Court says veteran can appeal missed deadline

The Supreme Court said Tuesday that a court for veterans shouldn't rigidly enforce deadlines on military vets who suffer from mental illnesses.

The high court ruled that Doretha H. Henderson, wife of the late David Henderson, can continue his appeal after he was denied benefits.

Henderson's husband was discharged from the armed forces in 1952 after being diagnosed with paranoid schizophrenia. He asked the Veterans Affairs Department for home care in 2001 and was denied. He missed a 120-day deadline for appeal to a veterans court by 15 days, blaming it on his illness.

The veterans court and a federal appeals court agreed that his case was over because Henderson missed the deadline.

Henderson died last Oct. 24, and his wife has taken up his case, arguing that Congress meant the benefits system to be helpful to veterans and their benefits claims.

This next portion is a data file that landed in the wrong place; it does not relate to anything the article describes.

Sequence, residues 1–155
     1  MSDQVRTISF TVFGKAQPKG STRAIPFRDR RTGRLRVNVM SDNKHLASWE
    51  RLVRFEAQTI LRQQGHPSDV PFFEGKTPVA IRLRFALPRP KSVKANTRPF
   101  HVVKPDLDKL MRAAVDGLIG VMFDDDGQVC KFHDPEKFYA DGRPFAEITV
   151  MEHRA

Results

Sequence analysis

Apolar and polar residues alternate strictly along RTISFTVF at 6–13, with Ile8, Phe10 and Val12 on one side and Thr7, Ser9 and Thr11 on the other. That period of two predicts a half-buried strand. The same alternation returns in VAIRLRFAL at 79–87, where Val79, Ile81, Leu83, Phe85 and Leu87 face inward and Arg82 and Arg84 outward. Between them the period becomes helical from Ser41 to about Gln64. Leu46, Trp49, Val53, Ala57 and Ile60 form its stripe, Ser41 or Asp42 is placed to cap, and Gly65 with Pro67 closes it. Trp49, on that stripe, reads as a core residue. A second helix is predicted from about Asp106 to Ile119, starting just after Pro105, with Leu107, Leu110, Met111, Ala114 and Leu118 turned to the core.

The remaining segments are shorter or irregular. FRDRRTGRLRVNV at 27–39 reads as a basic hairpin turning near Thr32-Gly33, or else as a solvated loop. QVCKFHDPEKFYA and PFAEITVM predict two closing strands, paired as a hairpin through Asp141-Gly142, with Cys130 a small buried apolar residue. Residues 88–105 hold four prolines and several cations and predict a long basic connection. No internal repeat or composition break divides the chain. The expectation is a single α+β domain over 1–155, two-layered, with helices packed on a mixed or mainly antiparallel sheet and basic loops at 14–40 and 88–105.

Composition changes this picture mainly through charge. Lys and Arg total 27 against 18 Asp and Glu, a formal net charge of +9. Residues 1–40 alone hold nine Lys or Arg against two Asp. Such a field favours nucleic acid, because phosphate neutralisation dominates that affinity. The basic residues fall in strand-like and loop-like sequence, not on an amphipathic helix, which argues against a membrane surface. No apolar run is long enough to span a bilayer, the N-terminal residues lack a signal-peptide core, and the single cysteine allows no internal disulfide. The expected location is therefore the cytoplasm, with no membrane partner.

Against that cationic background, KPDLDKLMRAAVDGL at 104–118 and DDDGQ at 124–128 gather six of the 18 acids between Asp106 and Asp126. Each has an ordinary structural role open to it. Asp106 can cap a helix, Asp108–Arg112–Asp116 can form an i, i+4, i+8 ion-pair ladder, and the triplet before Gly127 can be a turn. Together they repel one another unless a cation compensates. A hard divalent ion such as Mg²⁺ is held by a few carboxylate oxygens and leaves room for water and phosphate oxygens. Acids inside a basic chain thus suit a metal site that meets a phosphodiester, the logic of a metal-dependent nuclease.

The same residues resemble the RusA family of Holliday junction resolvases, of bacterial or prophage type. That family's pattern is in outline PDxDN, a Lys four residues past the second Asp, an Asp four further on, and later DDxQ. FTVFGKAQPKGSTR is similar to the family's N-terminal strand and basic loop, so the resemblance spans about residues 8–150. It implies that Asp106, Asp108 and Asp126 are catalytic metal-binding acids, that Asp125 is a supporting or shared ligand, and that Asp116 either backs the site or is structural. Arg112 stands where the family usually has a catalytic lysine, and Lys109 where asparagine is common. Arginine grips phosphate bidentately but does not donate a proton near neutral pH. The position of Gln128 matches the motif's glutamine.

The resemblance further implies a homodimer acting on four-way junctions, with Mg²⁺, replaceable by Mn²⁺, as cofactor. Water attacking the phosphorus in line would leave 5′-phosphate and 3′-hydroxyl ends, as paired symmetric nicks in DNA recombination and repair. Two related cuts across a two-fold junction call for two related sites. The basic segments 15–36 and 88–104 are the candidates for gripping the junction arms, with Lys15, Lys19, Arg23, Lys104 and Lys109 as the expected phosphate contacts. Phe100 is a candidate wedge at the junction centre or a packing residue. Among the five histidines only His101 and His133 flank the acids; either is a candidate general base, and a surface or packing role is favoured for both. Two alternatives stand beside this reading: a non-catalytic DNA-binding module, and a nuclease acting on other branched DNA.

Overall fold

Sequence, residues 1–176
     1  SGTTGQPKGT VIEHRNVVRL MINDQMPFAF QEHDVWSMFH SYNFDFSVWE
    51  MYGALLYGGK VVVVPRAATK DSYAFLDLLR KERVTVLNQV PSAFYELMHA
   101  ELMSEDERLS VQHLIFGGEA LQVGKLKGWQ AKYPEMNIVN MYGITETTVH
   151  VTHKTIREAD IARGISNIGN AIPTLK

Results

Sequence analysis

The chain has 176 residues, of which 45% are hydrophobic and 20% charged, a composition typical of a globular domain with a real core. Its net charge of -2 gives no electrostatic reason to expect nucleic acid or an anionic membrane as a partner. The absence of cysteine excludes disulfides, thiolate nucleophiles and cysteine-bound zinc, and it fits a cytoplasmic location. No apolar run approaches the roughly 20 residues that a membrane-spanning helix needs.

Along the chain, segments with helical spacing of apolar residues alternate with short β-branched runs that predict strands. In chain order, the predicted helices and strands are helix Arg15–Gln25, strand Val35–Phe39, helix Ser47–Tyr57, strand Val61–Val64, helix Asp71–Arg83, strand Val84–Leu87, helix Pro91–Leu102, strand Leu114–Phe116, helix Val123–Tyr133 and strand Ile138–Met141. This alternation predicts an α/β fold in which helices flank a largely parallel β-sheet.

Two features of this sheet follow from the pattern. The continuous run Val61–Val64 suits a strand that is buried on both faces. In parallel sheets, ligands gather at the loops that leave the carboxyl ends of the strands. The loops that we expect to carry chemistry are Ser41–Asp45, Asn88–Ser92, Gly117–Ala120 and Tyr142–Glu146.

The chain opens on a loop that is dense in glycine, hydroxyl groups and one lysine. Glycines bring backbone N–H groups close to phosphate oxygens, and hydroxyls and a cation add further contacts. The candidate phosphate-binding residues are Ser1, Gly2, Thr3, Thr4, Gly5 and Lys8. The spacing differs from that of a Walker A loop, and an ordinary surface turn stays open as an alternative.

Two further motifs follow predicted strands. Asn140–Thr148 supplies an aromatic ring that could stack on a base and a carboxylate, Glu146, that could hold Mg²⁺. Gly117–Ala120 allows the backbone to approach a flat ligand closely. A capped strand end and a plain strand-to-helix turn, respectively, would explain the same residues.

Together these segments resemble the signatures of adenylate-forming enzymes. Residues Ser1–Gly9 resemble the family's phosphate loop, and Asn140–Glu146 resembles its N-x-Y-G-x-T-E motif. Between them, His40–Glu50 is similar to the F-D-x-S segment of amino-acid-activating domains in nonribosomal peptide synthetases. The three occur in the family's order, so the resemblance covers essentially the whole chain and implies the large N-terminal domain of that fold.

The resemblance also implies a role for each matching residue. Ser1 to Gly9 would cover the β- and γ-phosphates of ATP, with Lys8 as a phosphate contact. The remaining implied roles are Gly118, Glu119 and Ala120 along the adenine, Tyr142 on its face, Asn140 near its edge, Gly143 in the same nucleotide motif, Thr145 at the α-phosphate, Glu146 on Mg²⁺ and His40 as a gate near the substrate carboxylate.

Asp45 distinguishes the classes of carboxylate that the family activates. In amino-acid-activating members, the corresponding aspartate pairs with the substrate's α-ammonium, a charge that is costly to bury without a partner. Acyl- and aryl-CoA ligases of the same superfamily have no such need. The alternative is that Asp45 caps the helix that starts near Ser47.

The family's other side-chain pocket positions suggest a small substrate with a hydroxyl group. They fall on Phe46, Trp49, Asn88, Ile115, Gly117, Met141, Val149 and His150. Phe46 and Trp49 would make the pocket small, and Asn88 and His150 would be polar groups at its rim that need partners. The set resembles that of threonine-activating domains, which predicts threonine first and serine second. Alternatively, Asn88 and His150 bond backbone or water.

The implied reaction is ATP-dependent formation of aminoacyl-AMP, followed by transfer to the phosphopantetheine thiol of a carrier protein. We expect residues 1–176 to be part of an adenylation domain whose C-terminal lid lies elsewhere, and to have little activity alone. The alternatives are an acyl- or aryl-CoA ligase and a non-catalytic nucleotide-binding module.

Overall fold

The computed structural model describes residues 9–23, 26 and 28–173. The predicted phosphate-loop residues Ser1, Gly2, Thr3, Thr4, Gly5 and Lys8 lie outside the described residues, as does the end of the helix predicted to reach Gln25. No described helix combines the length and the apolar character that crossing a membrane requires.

The court ruled unanimously that Henderson should be allowed to make the appeal.

"The VA is charged with the responsibility of assisting veterans in developing evidence that supports their claims, and in evaluating that evidence, the VA must give the veteran the benefit of any doubt," Justice Samuel Alito wrote for a unanimous court. "Rigid jurisdictional treatment of the 120-day period for filing a notice of appeal would clash sharply with this scheme."

Justice Elena Kagan did not take part in this case because she was involved with it while serving in the solicitor general's office.

The case is Henderson v. Shinseki, 09-1036.